There’s some very amusing material in The Airborne Toxic Event, such as Jack intellectualising the potential predicament by explaining how (unfortunately) society is set up such that the poor and uneducated suffer natural disasters, immediately prior to their affluently succumbing to one. “She’s showing outdated symptoms” advises Heinrich when Denise (Raffey Cassidy) rushes out of the room to vomit (they’re now supposed to comprise heart palpitations and déjà vu. If you have coof déjà vu here, that’s entirely understandable). Later, Steffie (May Nivola) is looking attentively at the occupants of other cars on the freeway because “I want to know how scared I should be”. Jack’s brains only come in handy when he opts to escape a panicking evac stop by pursuing a truck with “Gun control is mind control” on the bumper; he follows them because they obviously know how to survive. Unfortunately, Jack is much less savvy. When he fords a creek, it takes his encyclopaedic son to offer calm instructions on how to reach dry land again.

Simuvac Technician: They did happen before. In our minds. As visions of the future.

Baumbach also has fun with Jack – potentially toxically exposed through being rained on – trying to parse why a SIMUVAC rep is at the scene of an actual disaster: “Are you saying you saw the opportunity to use the real evacuation in order to rehearse the simulation?” Again, if this toxic event sounds like coof commentary (production of White Noise began in the middle of 2021), it could be the triumvirate of prescient DeLillo, predictive programming, and White Hat-influenced revelation of Black Hat method. Per the novel, this could be read through the lens of Baudrillard (see The Matrix), of “a world that seems determined by simulation” (the toxic event, a drug that confuses suggestion with action, media influence generally). The novel characterises this in terms of Murray’s “aura”; the representation of the thing supplants the original of the thing itself, which can no longer be perceived for what it is (be that a barn or a car crash). 

We are told the government is putting microorganisms in the toxic cloud (shades of chemtrailing and nanotech), leading to Babette worrying “The greater the scientific advance, the more scared I get”. Which makes perfect sense, as advance is both the cause (toxic spill) and “solution”.

This section, with its cues of cars, special effects clouds, off-road chases, and crash scenes homaging Godard’s Weekend, is presumably where much of White Noise’s budget went. Well, the budget that can be accounted for. And it’s serviceably delivered by Baumbach. If there’s a problem, it’s that he’s controlled with his technical deftness, rather than yielding to any whim to let loose and energise the picture; this part is structurally composed, but it lacks kineticism, for all its emphasis on movement.

Murray: But think how exciting it is, in theory, to kill a person.

Part 3 focuses in on the main theme; we discover that Babette’s Dylar addiction – for which she has prostituted herself – is brought on by an inextinguishable fear of death. Baumbach (and DeLillo) aren’t exactly subtle in conjugating this. Murray has given Jack a gun in Part 2, for Chekovian purposes, and Jack, seized by jealousy and obsession when Babette confesses her indiscretions, goes to confront the purveyor of the experimental drug (“Dylar is almost as ingenious as the microorganisms that ate the billowing cloud”; “He found a Dylar receptor in the human brain”).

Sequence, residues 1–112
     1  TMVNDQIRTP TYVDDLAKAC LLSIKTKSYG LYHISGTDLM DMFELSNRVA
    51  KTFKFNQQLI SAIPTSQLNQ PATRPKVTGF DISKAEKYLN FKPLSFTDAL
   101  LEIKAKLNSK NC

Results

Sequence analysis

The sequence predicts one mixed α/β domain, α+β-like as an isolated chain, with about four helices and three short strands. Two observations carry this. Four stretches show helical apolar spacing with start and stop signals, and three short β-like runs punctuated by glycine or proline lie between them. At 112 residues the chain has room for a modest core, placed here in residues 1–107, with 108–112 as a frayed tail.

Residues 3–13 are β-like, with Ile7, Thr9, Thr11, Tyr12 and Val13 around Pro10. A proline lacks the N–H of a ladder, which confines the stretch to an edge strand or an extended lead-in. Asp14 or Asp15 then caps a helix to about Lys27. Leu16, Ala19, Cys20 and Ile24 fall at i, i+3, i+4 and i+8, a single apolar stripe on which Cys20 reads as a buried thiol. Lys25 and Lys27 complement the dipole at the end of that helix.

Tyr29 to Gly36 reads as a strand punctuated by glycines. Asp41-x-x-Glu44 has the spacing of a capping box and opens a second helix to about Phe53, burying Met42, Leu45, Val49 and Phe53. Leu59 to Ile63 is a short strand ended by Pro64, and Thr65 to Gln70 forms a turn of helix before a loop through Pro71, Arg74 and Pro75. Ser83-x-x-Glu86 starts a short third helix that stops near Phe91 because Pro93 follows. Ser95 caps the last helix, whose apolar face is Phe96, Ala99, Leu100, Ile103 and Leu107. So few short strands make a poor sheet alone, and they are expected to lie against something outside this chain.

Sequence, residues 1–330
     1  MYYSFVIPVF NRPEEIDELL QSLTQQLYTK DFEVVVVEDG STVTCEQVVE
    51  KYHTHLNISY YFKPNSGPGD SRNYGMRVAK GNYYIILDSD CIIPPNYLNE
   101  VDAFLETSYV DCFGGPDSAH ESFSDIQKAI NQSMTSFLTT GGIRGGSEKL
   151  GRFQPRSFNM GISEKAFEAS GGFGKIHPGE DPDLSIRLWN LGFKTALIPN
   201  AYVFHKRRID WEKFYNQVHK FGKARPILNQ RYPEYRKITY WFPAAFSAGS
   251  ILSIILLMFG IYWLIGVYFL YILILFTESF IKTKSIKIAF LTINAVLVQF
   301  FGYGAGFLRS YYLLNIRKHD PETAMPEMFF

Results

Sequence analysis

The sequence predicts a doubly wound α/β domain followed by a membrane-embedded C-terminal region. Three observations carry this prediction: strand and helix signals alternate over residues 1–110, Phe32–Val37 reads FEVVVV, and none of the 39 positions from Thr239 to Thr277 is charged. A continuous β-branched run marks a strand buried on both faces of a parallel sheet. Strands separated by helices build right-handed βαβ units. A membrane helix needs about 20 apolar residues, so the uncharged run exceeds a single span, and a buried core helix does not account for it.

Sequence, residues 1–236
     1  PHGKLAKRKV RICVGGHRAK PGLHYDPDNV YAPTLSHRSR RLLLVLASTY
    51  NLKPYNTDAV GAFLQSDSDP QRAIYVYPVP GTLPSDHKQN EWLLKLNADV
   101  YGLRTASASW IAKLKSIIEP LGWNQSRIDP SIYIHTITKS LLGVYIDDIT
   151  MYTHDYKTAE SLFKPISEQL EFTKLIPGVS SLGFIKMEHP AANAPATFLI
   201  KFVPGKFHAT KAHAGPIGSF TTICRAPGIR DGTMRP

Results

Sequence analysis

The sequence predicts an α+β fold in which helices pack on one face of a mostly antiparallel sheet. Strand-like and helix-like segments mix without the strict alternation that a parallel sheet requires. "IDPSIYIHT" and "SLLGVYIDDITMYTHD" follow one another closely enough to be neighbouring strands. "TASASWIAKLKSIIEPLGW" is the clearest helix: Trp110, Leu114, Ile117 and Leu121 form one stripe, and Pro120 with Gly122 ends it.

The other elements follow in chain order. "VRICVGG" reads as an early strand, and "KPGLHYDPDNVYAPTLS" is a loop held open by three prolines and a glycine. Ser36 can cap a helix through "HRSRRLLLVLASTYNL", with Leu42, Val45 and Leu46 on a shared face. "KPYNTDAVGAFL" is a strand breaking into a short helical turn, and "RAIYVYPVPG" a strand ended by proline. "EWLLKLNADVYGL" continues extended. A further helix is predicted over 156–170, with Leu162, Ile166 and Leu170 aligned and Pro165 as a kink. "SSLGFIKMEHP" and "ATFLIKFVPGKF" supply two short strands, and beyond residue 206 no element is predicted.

Mr Gray: I eat this stuff like candy.

I have to admit, this rather generic revenge scenario – I don’t know if it comes from the novel, but Babette’s “Men are killers” rationale for showing up at the scene of the intended crime fits very neatly with currently fashionable “progressive” attitudes – feels rather as if it’s been stapled onto the framework for late-stage dramatic effect. Nothing Jack has shown hitherto suggests such a turn of mind (perhaps the argument would be, “Isn’t it always the way?”), and if Baumbach – again – shows himself entirely capable of turning his hand to the (de Palma-esque) thriller genre trappings, that makes it no less ungainly. Baumbach adds Babette to the novel’s scene of the crime, which makes for… a cheerfully ambivalent complicity and reconciliation element. However, it also sets things up for the kind of patness that often would be the extended hand of a spiritual comfort blanket but here is more Baumbachian. 

Jack Gladney: You’re a nun! Act like one!

Jack and Babette share a subsequent scene, in which they drop “Mr Gray” (Lars Eidinger) off at a hospital run by nuns; the couple are also receiving treatment (both having been shot due to Jack’s lucky ineptitude). There, DeLillo’s rather unfinessed worldview gets a showing. If you hadn’t already realised that materialism was everything, with the fears of the (scientifically) manufactured world proving daunting, the rigours of intellectualism no match for it, and death, as a response, becoming only more intimidating, Sister Hermann Marie (Barbara Sukowa) informs them she doesn’t believe in God, or heaven. It’s all for show: “If we didn’t believe these things, the world collapses”. Cue Baumbach’s finessing of the only humanist salvation left to the average man (and woman): “So maybe you should try to believe in each other” (their having kids only staves off the mortal coil for so long, before rearing once more with a vengeance).

So, per DeLillo, religion is of no value beyond the essential construct. Which is, in itself, fair comment, but his having nothing to fill the void also makes White Noise’s satire on empty, superficial lives rather glib and faintly irrelevant. It’s as if it’s readily able to identify everything but the solution, and by implication, therefore, the core issue. DeLillo, a fallen Catholic, has been characterised as investing an air of “spiritual ambivalence” into his work at this time, an inclination toward the sacred without the architecture up top to fulfil such a yearning. Baumbach, in contrast, replied outright to the negative when asked if he believed in God. Which may be why the supermarket dance sequence, to LCD Soundsystem’s New Body Rhumba, over the end credits is less a paean to the “hypnotic and spiritual nature of the supermarket” than a Pulp video on a maxi-budget. Baumbach isn’t buying into that side of DeLillo.

In general, one should probably concentrate on criticising what a movie is doing, or attempting to do, rather than highlighting what one thinks it should be doing, even if it has no intention of going that way. But with the spiritual side of the equation conspicuously unaddressed by White Noise, the picture as a whole feel scattered and unresolved. The “You have each other” resolution is on the perfunctory side; it’s a nice affirmation, if you like, of the family unit, but it’s nevertheless presenting that as the “answer”, for want of something better. Baumbach’s adaptation of DeLillo throws in everything but the kitchen sink. I suspect he should have included that too.

Addendum 13/02/23: Hmmm… A train derailment and toxic spill in East Palestine, Ohio, you say?